A Good Home, Canada, Canadians, Clematis, Daisy buds, Flowers, Gardening, Gardens, Hosta, Lady's Matnle, Life in canada, Lifestyle, Rain, Red currants, Spruce tree, Sun

Rain, Shine and the Spaces Between

The skies turn dark, more grey than black.

The air becomes perfectly still.

And then comes the rain, in sheets and showers.

Pouring down on dry grass, garden beds…

Blog Photo - Garden rain lady's mantle drenched

… and our verandah roof.

The water streams down in front of and beside the verandah.

Blog Photo - Garden rain lavender blue clematis

I sit on a chair, enjoying this moment from a safe perch of my own.

Blog Photo - Garden rain blue-lavender clems

“I should grab my camera”, I tell myself. But I sit still, unwilling to interrupt the moment.

Blog Photo - Garden rain cu of lavender blue clematis

Overhead, small branches of pale-green maple leaves sway in the air.

Red weigela flowers move amid green leaves, showered by water, ruffled by wind.

Blog Photo - Garden rain - red weigela branch

Below them both, large hosta leaves are weighed down with raindrops.

Blog Photo - Garden rain large hosta

Dip, dip. Fall back.

Blog Photo - Garden rain hosta bloom

Unless you’re laden with red currants… in which case: Dip, dip. Fall forward.

Blog Photo - Garden rain red currants branch

The tall blue spruce tree stands majestic, appearing unmoved by the wind and showers.

Blog Photo - Garden rain blue spruce

But there’s light movement in its outermost branches.  The tree has taken on a soft look, its face gentled by the rain.

All birds have taken cover, tucking themselves into dry spaces between thick branches.

One small bird sees opportunity.  It darts into the rain, tail feathers wet and glistening, and aims straight for its target. It stays there, pecking, content to be alone with what it usually has to compete for: a space at the feeder.

Blog Photo - Garden in Rain wet birdfeeder

From the verandah’s eaves trough, powerful streams torrent into the garden bed below. The Annabelle hydrangea is taking a beating, it seems.  Branches, gracefully upright a few minutes ago, part with the wisdom of growing things faced with the unstoppable power of water.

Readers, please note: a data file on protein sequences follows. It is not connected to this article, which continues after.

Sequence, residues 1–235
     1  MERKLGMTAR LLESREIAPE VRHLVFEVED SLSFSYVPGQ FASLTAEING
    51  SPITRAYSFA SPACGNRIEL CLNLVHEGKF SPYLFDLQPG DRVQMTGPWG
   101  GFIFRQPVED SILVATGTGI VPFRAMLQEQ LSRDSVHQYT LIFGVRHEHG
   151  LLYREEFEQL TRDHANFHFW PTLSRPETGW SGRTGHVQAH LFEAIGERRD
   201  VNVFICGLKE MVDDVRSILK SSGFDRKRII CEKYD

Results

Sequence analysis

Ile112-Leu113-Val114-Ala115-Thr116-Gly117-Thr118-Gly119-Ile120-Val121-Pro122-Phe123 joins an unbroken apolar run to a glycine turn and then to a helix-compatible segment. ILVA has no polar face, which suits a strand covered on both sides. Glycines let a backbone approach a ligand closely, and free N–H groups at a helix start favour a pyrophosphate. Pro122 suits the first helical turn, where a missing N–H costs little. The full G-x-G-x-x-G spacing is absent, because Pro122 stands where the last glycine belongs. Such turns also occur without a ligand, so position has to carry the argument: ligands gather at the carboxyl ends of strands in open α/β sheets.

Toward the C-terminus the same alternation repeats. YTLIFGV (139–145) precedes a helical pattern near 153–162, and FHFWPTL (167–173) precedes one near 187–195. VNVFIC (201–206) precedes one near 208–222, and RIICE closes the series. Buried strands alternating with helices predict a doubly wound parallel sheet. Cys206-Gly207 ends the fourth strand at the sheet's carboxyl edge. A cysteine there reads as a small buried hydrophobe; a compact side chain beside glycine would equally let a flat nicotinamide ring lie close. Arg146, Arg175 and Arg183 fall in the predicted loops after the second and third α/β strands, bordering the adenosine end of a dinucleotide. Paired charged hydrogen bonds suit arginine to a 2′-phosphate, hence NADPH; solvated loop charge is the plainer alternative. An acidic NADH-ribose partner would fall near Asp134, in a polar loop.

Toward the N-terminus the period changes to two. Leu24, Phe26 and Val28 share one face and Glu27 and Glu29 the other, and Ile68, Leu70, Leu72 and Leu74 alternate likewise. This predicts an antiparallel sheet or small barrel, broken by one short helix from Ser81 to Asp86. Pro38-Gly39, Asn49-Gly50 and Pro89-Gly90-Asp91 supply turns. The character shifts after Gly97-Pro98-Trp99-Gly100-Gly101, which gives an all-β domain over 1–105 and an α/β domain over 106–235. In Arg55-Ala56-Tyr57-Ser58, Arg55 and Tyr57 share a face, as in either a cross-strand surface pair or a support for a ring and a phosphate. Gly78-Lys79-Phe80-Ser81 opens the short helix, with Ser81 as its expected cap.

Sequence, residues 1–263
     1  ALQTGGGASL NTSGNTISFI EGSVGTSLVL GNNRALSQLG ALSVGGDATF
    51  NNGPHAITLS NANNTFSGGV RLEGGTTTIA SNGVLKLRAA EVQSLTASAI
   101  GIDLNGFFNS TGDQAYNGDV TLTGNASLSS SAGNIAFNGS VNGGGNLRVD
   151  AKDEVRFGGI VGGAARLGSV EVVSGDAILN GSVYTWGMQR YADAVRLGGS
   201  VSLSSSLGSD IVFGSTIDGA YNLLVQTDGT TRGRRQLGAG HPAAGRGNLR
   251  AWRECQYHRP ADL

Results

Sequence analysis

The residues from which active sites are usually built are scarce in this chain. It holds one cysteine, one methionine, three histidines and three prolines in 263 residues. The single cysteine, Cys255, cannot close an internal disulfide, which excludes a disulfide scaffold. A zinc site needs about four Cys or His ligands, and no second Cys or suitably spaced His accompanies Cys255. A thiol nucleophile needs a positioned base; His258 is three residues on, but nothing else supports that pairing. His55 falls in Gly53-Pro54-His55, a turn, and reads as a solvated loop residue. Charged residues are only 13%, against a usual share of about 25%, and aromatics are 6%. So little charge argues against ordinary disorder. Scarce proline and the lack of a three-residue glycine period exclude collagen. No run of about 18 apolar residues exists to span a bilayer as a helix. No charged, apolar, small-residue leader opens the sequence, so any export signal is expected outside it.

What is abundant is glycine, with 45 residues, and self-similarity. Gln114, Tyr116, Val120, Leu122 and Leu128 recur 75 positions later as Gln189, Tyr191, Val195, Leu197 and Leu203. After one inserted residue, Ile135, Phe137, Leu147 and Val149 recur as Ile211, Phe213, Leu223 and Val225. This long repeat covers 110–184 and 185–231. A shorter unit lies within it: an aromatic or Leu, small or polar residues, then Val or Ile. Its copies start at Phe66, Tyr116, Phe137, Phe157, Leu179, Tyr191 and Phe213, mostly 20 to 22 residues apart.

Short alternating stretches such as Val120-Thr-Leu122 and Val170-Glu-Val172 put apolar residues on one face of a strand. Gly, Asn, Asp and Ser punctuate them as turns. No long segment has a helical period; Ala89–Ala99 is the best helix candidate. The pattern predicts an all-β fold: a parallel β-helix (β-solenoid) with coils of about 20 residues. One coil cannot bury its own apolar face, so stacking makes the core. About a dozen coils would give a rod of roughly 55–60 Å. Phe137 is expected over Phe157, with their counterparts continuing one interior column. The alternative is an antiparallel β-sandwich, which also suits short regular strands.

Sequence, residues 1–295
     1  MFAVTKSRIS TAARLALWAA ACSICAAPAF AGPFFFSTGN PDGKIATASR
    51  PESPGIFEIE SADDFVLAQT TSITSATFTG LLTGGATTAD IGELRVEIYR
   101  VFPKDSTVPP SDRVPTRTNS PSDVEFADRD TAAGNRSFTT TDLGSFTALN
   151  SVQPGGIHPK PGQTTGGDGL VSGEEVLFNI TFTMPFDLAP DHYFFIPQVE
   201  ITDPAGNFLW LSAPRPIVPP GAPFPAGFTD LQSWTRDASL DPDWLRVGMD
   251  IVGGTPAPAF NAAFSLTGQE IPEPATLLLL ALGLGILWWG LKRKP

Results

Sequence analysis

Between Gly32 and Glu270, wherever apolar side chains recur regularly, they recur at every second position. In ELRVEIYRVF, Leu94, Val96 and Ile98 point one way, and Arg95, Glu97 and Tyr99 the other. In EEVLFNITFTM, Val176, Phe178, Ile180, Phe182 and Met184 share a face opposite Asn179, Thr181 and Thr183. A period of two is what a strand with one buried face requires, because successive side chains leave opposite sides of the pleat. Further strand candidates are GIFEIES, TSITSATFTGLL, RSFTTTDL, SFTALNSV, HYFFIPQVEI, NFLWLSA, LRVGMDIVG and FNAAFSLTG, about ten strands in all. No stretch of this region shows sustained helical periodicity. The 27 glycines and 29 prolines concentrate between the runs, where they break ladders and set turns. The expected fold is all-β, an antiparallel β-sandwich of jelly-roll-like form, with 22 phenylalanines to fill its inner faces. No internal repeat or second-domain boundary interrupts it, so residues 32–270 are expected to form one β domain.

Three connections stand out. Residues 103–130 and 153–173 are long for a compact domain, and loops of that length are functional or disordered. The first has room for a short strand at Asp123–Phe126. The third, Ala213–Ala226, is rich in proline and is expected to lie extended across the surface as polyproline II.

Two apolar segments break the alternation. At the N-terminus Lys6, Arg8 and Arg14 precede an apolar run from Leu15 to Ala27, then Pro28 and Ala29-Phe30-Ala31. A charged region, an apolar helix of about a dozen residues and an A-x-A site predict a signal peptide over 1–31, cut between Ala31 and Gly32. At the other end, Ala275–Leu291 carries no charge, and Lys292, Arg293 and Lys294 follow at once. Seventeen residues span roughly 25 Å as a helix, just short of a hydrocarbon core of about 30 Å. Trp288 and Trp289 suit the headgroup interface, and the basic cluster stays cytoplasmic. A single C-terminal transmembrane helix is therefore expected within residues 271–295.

It’s merely minutes later now.

Blog Photo - Garden rain Rhodo leaves

The water from the eaves trough narrows.  Long thin streams of vertical water form a transparent drape in the space between verandah posts.

Five streams falling steadily on the earth. Then four.  Then, three. Then two, then one.

A trickle, now.

Then a quiet drip.

The rush of water, the soft thud of raindrops, the splash on leaves and flowers — all come to a stop. As if a mighty switch was turned on, then off, the rain has come and gone.

Blog Photo - Garden rain pink and lavender clems

Flowers glisten.

Blog Photo - Garden rain Red Bee Balm about to bloom

Birds chirp and fly towards a single spot: the feeder.

And I think, as I watch them:

How smart that first bird was.

The one that went before, wet tail-feathers and all.

Blog Photo - Garden rain - two birds at feeder

And how remarkable water is.

Liquid, fluid, transparent.  Forceful and life giving.

And as I sit on my verandah, giving thanks for it all – the rain, the trees and shrubs and flowers, and the birds and a place in which to sit, protected — the sun comes out.

Blog Photo - Garden rain Clematis dark blue

As quickly as the rain began, except there was no warning this time. Almost no space between.

Rain and Sun. Doing their part to keep us alive.

We depend on them so much, that ironically we take them for granted.

We give them names that begin with lower case letters.

But Rain and Sun are Capital Gifts. Sacred Gifts.